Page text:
Location: Water Quality and Ecology Research
Title: Effects of agricultural conservation practices on oxbow lake watersheds in the Mississippi River alluvial plain Authors
Submitted to: Soil and Water Research
Publication Type: Peer Reviewed Journal
Publication Acceptance Date: December 10, 2012
Publication Date: N/A
Interpretive Summary: Agricultural lands can be a major source of source pollutants such as sediment, pesticides and nutrients in the United States. Conservation practices that slow down the flow of water should allow time for water to soak into the ground, for the biodegradation of pesticides and nutrients to occur and to trap soil that has eroded from fields. The effects of conservation practices on lake water quality were measured in three oxbow lake watersheds in the Mississippi River Delta. This study showed that conservation practices reduced sediments, fertilizers, and pesticides in oxbow lakes, resulting in improved water clarity, plankton growth, and fish stocks.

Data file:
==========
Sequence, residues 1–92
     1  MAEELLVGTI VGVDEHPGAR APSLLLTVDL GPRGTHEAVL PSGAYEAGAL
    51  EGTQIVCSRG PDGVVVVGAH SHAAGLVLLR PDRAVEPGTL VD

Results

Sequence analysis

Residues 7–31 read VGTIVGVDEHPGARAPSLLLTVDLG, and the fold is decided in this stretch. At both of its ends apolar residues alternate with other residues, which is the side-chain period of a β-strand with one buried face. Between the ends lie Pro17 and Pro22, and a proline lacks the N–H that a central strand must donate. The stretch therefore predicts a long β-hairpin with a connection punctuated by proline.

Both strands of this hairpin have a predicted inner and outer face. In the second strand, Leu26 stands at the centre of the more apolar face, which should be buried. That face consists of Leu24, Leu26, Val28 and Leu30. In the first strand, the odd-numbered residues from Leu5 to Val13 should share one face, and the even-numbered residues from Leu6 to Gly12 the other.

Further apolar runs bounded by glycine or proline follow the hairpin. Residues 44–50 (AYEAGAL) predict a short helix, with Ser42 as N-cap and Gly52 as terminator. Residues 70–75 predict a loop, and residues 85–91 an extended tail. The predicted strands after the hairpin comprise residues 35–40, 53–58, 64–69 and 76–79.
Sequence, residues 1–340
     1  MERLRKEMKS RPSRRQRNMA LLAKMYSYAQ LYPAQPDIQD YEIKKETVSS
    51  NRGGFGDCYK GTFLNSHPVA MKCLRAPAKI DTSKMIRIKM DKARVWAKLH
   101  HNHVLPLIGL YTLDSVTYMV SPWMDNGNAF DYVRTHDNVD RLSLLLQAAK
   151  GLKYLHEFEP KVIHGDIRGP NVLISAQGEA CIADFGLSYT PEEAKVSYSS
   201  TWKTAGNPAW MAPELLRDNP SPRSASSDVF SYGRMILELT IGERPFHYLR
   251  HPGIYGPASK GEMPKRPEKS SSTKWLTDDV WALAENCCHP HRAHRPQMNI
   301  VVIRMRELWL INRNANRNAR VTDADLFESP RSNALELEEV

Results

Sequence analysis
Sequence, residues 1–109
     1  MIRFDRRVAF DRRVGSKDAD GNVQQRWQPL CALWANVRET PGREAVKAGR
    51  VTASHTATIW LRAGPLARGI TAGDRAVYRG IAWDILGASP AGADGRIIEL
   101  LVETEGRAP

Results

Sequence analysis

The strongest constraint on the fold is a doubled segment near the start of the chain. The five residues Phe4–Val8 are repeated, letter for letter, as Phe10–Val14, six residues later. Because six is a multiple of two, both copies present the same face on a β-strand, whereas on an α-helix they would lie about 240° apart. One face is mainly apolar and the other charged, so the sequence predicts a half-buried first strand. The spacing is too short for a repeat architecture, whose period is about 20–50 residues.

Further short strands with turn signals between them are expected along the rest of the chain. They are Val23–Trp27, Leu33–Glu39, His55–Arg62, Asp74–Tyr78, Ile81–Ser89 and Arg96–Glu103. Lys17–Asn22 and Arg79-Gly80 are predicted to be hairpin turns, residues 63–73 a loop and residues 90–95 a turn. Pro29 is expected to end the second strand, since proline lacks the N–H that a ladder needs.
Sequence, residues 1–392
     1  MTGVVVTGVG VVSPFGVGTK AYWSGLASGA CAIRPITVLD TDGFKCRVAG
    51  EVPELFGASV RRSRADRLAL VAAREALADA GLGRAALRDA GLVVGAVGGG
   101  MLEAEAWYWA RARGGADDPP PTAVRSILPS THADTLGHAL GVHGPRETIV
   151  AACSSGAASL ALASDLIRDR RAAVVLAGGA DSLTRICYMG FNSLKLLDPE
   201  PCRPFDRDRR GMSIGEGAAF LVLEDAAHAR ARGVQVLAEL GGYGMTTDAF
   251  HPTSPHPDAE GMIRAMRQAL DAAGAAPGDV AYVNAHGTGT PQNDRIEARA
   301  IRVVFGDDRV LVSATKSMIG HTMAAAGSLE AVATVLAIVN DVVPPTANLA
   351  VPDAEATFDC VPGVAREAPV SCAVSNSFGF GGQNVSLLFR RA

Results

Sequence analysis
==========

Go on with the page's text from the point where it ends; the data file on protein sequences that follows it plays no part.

Technical Abstract: Globally, agricultural lands are considered to major sources of nonpoint source pollutants such as sediment, pesticides and nutrients in the United States. While conservation practices have been tested for their effectiveness in reducing agricultural related pollutants on test plot scales, they typically have not been evaluated on a farm watershed scale nor have they been evaluated in terms of their impact on down stream ecology. Several projects focused on oxbow lake watersheds in the Mississippi River alluvial plain have been designed to utilize working farms to evaluate primary pollutants in water resources and to identify conservation practices that are most effective in reducing the transport of those pollutants in surface and ground water on a watershed scale. Major findings of theses studies include: (1) BMPs reduced sediment in oxbow lakes, resulting in improved water clarity, plankton growth, and fish stocks; (2) Total phosphorus in lakes decreased between 39 to 50% following BMP implementation; (3) Conservation tillage and cover crops reduced NO3-N losses by 73%, sediment losses by 70% and fluometuron herbicide loss in runoff by 50%; and (4) Riparian areas mitigated the transport of sediment in runoff and enhanced the degradation of pesticides.